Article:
Scheehle, Mrs. Geo., 15th and Christian. 

Snell. Mrs. Mary, 1169 S. 13th St. 

Sayres, Miss Lizzie, 1732 Christian St. 

Schofield. Nellie, 1624 Bouvier St. 

Shisler, Charles, 524 S. 10th St. 

Simington, Mary, 550 S. 52d St. 

)k_Taylor, James H., 2017 Summer St. 
f Taylor, Mrs. Rebecca, 2017 Summer St. 
_l Tavlor, Miss Eliza, 2017 Sununer St. 
Taylor, Julia E.. 2017 Summer St. 
Tavlor, Charles H.. 2017 Sununer St. 
Tavlor, Jos. W.. 2017 Summer St. 
-^ Tavlor, Clara, 1802 Manton St. 
Tavlor, W. X., 1716 Fontaine St. 
Tavlor, Mrs. Margaret. 1010 Ellsworth. 
Turner. Miss A. V.. 1320 Spruce St. 
Turner. Misses, 215 S. Broad St. 
.,^ Todd, Mrs. M. A., 1803 S. 20th St. 

Tait, Dr. Thomas W., 318 S. 11th St 
Tait, Mrs. Mary J., 318 S. Uth St. 

Ulmer, Elizabeth M., 2025 Green St. 

Vance, Mrs. S. L., 1734 Catharine St. 
Vallier, Louise, 2042 Catharine St. 
Vallier, Jennie, 2042 Catharine St. 

- West, Edwin P., 1331 Castle Ave. 

West. Mrs. E. P., 1331 Castle Ave. 
y West, Annie, 1331 Castle Ave. 

Williams, John S., 712 Sansom Sr. 

Williams, Rebecca, 013 S. 16th St. 

Williams, George S., 904 S. Broad St. 

Williams, John, 904 S. Broad St. 
^^ Wilkinson. John. 707 Hepburn St. 
>cWood. Ellen. 408 S. Broad St. 

White. Mrs. M.. 1921 S. Bouvier St. 

White. Jlr. S., 2229 Bainbridge St. 

White. Jlrs. S.. 2229 Bainbridge St. 
■"White, Miss JI., Girard College. 

AVhiteside. Rebecca. 1528 Christian St. 

Whitcraft. Miss Marv. 253 S. 11th St. 
' Woodiuyton. Mrs. S. D.. 415 S. Broad St. 

Woddingtou. Mr. S. D.. 415 S. Broad St. 

Wveth. D. R., 414 S. Broad St. 

Wilson, ilrs. M., 110 S. 42d St. 

Wilson. E.. 272 S. 16th St. 

Wilson, Mrs. S., Bala Home. 

Wilson. Miss Gertrude. 1172 S. Broad St. 

Wilson, Mrs. R., 1172 S. Broad St. 

Wilson. Mrs. Marv. Ardmore. 

Wilson. Bella M..'2024 Callowhill St. 
y Wejjtz. K. C, 1712 Vine St. 
'i Weichnian. :\rrs. A. J., 1010 Cherry St. 
X Walraven, Miss H., Presbyterian Home. 
^ Wvlie, Miss. Presbvterian Home. 

W'aru.cke. Josephine H.. 810 S. lltli St. 

Welsh, ilarv. 1002 Sjn-nce St. 

Warner. Jlr's. H. A.. 2005 Bainbridge St. 

\\il'ls. Mrs. Ralph R.. 1301 Logan Ave. 

Wallace, ilrs. Rebecca. 751 S. 15th St. 

Wallace, ilagtrie. 751 S. 1.5th St. 

Wallace. Emma J.. 751 S. 15th St. 

WoUr. Mrs. E.. 2200 Chestnut St. 

Watkius, .Mrs. P. A.. 1710 Race St. 

Voiuig. .Tohu. 1210 Point Breeze Ave. 
Yoimg. Sallie R.. 1210 Point Breeze Ave. 

Tou- cf> 



A Lily of France 



Impressions of Some Reviewers : 

" Intensely dramatic." — The Press, 

"This exquisitely told story is even 
more than good." — Dr. Floyd W. 


" Far and away above the average." 
— The Book Buyer. 

" Cold facts moulded into living, 
burning fiction." — TJie Standard. 

"Accurate and fascinating history." 
— Book Ntirs. 

"The story is a ttrong one . . . Tlit^re 
is always something to make the reader 
eager to move on." — Kev. J. R. Millhr, 
D. D, 

"Brilliantly written." — N. Y. Ohserrer. 

" Throws a clear light into a corner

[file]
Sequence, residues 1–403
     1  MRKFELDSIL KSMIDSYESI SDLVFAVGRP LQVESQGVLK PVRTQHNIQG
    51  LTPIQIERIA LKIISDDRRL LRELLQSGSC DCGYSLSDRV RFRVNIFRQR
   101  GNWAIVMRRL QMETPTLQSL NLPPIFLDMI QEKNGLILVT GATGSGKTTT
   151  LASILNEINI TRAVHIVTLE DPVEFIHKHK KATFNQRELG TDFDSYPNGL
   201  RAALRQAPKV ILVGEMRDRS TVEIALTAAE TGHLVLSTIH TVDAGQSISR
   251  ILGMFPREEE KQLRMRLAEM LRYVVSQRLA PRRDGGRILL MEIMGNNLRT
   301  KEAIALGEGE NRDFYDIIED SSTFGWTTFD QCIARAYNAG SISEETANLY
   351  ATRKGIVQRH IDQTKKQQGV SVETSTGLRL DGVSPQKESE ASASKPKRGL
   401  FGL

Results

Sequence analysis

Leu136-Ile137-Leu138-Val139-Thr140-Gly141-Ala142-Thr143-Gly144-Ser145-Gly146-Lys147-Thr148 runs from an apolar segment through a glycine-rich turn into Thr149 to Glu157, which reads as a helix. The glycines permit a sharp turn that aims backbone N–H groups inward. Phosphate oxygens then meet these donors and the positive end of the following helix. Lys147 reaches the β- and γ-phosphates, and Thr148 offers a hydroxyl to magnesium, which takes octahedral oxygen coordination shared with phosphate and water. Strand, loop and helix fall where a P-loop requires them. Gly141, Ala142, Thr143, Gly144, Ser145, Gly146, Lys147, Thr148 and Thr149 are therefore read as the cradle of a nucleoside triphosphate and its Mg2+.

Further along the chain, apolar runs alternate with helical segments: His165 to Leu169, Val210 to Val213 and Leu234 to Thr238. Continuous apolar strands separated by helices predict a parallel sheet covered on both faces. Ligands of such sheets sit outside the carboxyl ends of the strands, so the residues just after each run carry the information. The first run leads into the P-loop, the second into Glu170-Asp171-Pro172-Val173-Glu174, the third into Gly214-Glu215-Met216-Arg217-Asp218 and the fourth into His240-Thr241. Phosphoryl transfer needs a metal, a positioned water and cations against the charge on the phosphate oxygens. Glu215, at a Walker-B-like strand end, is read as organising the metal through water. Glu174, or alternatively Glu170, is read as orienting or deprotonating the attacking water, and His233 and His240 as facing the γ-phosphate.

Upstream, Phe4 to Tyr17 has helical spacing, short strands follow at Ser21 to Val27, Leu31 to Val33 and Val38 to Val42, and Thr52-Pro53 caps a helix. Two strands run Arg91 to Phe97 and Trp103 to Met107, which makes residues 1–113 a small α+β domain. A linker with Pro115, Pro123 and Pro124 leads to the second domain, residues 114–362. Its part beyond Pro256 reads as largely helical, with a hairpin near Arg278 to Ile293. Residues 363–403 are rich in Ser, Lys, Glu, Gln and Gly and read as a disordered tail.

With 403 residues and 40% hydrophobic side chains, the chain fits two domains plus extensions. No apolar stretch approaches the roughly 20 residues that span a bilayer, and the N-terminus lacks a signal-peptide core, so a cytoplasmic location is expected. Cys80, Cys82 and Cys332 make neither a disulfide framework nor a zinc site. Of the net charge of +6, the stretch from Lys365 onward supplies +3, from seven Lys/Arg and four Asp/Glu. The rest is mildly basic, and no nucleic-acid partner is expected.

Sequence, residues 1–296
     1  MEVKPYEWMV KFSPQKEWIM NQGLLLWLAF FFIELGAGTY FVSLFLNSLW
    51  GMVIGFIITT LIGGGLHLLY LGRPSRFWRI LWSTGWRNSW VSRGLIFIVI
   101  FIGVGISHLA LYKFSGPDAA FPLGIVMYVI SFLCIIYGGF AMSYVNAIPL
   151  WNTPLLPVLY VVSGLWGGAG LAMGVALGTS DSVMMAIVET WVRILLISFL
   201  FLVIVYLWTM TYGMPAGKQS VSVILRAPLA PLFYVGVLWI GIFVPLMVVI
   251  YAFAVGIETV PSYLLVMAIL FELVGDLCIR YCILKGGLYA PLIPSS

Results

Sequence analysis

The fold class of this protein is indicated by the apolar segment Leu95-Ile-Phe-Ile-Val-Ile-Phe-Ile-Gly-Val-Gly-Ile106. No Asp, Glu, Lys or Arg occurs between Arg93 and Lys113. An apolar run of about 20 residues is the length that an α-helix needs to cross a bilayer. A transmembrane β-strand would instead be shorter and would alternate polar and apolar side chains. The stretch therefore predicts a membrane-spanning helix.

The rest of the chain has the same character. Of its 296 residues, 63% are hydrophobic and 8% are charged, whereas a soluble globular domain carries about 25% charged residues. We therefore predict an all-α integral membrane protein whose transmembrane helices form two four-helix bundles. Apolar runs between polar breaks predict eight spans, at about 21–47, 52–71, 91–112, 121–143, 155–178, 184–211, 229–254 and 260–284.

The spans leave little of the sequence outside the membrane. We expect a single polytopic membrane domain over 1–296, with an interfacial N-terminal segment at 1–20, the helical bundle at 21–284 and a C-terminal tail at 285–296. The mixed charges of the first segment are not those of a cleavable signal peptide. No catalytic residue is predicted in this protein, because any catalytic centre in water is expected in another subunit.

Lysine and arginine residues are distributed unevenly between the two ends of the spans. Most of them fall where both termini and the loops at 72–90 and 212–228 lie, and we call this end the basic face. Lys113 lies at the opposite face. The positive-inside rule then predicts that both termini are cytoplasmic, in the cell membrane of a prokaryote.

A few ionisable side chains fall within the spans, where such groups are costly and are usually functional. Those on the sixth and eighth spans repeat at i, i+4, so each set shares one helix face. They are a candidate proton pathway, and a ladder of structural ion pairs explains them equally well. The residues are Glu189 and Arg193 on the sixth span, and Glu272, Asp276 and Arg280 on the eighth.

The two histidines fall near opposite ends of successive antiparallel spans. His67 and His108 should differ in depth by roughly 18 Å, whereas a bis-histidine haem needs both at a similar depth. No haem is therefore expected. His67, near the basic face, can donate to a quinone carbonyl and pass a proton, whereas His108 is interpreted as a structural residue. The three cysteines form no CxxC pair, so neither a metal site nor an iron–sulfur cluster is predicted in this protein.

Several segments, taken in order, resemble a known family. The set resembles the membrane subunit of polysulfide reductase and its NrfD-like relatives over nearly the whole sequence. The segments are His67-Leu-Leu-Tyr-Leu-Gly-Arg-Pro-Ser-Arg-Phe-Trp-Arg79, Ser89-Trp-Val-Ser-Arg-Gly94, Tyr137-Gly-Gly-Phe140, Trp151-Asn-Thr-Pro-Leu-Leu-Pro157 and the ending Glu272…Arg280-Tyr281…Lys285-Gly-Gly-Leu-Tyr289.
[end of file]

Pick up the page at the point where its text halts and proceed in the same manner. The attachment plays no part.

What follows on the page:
of history hitherto deep in shadow." — 
The Inter-Oceaii. 

456 Pages, Illustrated PRICH, $1.10 NMT Postpaid, $1.25 

The Great Poet^ and Their 

By President AUGUSTUS H. STRONG. Large 
12mo, .531 pages. Price $1.85 net; post- 
paid, $2.05. 
" We can honestly say that we have not recently 
met a book more worthy of being commended to 
people who want to be introduced to the study of the 
great poets." — The Lundon Spectator. 

Christ in Creation 

By President Augustus H. Strong. 520 
pages. Price $1..85 net ; postpaid S2.05. 

A number of important aud suggestive 
papers, chief among which are the title articles 
and that on "Ethical Monism." 

" Altogether, this is a book of solid worth and the 
publishers have given it excellent form." — Tlie 

Christianity in the Nine- 
teenth Century 

By George C. Lokimer, D. D., pastor of 

Tremont Temple, Boston. 12mo, 652 

pages. Price .$1.75 net; postpaid $1.95.' 

An impartial review of the leading events 

in the hi.story of Christianity in the last 

one hundred years. 

" Rich in learning and spirituality, definite and 

judicious in its positions, temperate aud candid and 

full of inspiration." — Ttie Congregationalist. 

Dickey Downy 
An Autobiography of a Bird. 

By ViEGlNl.v S. F.\tteeson. Beauti- 
fully illustrated. 192 pages. Price 45 
cents net ; post-paid .50 cents. 

It " will interest both "Id and young and makes a 
delightful gift " — Presl'i/tenini Joiirimt. 

The Quiet King 

A Story of Christ. By Caroline 
Atwater Mason. Ten illustrations from 
nuisterpieces. 12nio, 304 pages. Price 
$1.10 net ; postpaid $1.25. 

" A book of lare interest." — T/ie Christian lI'orA-. 
" Keenly interesting." — Chicago Ev ning 
"Simple, reverent, tender." — Hnpti.-it Union. 

Beautiful Joe 

An Autobiography. By Marshall 
S.4.UNDERS. 3B0 pages. Illustrated holi- 
day edition. Price 90 cenls net ; postpaid 
$1.02. Over 300,000 copies sold. That 
fine tale of an ugly dog. 

"It surpasses anything I have read in its louchiug 
aud appropriate appeal to all sorts of people on